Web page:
At the age of 15, Chris Blank embarked upon an attempt to straighten out his life and start a new chapter, one that led him to Vietnam. It was 1998, three years after his parents had been killed in a car accident leaving Chris in the care of America’s state system, drifting from home to home, hanging with the wrong people and getting into trouble. The CEO of Pharmacity admits it’s difficult to talk about those early years, particularly when he contemplates how different his life would be had his Vietnamese maternal grandmother not reached out and suggested he visit. With nothing to lose, the desperate teenager hopped on a plane and went to Vietnam.
“Straight away I saw the difference between the culture of the United States and Vietnam. It was like night and day,” he remembers. “In the US, being in the foster care system, I was growing up with a bit of a chip on my shoulder, a kind of ‘woe is me, I am poor’ attitude. I was going down that rabbit hole all the time because it was such an easy mindset to fall into.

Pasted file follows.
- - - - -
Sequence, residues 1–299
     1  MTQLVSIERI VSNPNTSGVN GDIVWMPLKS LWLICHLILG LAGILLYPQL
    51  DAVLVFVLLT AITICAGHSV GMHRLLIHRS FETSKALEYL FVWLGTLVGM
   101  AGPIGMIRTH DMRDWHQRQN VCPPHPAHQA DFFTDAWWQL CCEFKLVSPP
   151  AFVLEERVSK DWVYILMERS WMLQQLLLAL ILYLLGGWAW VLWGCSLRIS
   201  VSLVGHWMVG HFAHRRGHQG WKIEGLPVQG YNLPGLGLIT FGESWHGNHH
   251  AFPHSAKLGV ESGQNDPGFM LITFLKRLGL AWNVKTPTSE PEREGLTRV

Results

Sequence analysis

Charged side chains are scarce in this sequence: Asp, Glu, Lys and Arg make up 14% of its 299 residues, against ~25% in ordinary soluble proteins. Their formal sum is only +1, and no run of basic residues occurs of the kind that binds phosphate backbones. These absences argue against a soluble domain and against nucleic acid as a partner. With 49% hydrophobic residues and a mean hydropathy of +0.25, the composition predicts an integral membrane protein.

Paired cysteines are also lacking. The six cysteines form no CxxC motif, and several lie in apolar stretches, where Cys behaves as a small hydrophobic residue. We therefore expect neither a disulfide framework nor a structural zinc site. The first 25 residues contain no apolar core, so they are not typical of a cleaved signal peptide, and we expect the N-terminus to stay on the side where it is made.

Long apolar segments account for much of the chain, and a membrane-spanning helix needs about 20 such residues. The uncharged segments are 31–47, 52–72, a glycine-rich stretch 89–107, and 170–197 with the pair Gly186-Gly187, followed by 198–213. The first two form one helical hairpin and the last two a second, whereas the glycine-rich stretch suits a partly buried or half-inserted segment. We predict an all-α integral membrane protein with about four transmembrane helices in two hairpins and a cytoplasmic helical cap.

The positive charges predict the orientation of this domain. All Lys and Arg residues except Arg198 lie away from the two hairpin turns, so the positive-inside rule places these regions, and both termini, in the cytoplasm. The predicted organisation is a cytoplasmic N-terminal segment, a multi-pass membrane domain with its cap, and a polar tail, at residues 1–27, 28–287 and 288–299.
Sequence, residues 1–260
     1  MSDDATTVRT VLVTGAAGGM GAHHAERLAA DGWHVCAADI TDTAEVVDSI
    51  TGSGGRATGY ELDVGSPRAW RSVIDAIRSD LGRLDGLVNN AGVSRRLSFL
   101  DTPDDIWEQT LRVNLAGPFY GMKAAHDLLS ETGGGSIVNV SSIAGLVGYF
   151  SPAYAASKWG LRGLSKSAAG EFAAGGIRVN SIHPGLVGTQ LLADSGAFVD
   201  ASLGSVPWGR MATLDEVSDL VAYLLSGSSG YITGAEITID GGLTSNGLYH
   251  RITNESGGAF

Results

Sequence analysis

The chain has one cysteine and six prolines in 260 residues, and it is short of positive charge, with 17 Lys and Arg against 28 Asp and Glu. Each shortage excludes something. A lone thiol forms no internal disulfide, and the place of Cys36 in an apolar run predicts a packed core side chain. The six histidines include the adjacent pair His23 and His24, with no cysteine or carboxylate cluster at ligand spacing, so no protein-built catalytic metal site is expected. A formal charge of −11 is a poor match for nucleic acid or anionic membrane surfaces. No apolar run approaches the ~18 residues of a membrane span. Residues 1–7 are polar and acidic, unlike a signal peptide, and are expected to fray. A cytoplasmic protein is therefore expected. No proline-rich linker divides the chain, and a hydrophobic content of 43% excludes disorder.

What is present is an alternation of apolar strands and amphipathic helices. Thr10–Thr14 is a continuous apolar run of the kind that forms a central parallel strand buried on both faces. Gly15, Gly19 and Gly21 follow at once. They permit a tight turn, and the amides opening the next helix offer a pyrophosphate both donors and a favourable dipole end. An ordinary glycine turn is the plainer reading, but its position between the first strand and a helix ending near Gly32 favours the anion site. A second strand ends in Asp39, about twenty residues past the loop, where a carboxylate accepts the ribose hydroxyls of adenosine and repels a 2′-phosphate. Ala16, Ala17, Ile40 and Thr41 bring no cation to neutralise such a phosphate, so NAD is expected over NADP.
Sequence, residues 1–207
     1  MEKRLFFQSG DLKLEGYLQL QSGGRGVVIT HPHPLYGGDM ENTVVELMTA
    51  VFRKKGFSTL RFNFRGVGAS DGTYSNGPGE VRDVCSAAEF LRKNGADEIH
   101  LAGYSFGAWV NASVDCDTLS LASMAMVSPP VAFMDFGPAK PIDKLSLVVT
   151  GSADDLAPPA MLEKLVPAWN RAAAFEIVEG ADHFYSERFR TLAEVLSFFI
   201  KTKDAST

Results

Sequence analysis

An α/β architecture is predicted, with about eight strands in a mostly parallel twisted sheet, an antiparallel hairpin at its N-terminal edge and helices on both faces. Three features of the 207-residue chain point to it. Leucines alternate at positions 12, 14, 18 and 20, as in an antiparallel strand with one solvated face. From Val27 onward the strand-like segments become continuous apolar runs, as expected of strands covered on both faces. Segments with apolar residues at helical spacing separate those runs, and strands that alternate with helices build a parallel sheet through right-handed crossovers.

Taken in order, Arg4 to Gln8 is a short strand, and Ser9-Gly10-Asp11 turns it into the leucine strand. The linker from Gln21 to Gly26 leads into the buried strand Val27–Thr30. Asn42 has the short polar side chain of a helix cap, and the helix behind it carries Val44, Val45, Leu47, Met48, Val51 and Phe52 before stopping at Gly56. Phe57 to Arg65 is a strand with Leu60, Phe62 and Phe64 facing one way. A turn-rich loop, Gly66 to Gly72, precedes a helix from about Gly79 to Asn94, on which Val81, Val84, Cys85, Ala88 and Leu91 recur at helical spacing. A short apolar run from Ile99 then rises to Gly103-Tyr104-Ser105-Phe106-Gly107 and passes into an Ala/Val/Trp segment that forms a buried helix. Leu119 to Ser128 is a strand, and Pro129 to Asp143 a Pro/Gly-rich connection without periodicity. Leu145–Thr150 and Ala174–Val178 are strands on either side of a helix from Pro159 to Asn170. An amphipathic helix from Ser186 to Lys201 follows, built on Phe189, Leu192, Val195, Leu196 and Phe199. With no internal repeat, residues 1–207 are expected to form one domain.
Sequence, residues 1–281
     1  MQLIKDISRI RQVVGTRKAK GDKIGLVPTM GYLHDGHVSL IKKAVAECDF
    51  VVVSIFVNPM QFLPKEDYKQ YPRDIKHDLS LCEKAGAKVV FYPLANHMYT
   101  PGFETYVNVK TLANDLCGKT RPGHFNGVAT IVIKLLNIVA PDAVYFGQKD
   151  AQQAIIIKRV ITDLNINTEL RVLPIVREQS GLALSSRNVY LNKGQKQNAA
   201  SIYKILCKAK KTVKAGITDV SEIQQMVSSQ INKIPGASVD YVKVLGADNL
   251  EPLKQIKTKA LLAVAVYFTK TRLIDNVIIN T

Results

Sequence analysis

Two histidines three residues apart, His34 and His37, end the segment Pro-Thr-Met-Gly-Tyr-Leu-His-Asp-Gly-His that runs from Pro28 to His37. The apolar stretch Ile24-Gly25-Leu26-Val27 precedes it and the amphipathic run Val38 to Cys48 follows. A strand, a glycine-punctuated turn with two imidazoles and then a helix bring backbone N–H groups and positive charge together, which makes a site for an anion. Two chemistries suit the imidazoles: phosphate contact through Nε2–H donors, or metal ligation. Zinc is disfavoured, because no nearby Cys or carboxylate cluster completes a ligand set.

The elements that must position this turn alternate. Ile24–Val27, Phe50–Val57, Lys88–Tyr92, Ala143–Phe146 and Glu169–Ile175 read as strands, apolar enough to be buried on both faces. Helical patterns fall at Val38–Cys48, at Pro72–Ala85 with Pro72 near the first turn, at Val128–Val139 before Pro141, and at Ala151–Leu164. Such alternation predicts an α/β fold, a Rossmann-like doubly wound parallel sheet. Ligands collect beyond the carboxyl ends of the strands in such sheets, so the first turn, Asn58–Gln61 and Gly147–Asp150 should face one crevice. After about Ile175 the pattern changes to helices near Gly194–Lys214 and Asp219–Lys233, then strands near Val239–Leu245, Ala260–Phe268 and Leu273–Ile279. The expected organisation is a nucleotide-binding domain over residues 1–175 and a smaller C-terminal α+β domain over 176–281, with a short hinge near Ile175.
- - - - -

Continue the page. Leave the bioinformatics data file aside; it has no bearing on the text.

“But in Vietnam, I was just as poor as most people around me and nobody seemed bothered by it. There was no keeping up with the Joneses, and because a lot of people were poor, nobody else felt poor. I didn’t feel like a square peg in a round hole. It was empowering.”
That sense of empowerment was the trigger to changing Chris’s perception of his own capabilities and became the driving force behind his extraordinary success as head of Vietnam’s first and largest retail pharmacy chain and Chairman of the AmCham Healthcare Committee, which has a vision of being a key strategic partner for promoting health and wellness and shaping the healthcare industry in Vietnam.
It was while still a teenager that Chris, armed with new-found confidence and support from his community, recognised a wave of change surging through Vietnam. The country was developing rapidly, new laws were being passed daily, more foreigners were flocking in to do business and convenience stores were starting to emerge as alternatives to the thousands of mom-and-pop outlets dotted along city streets.
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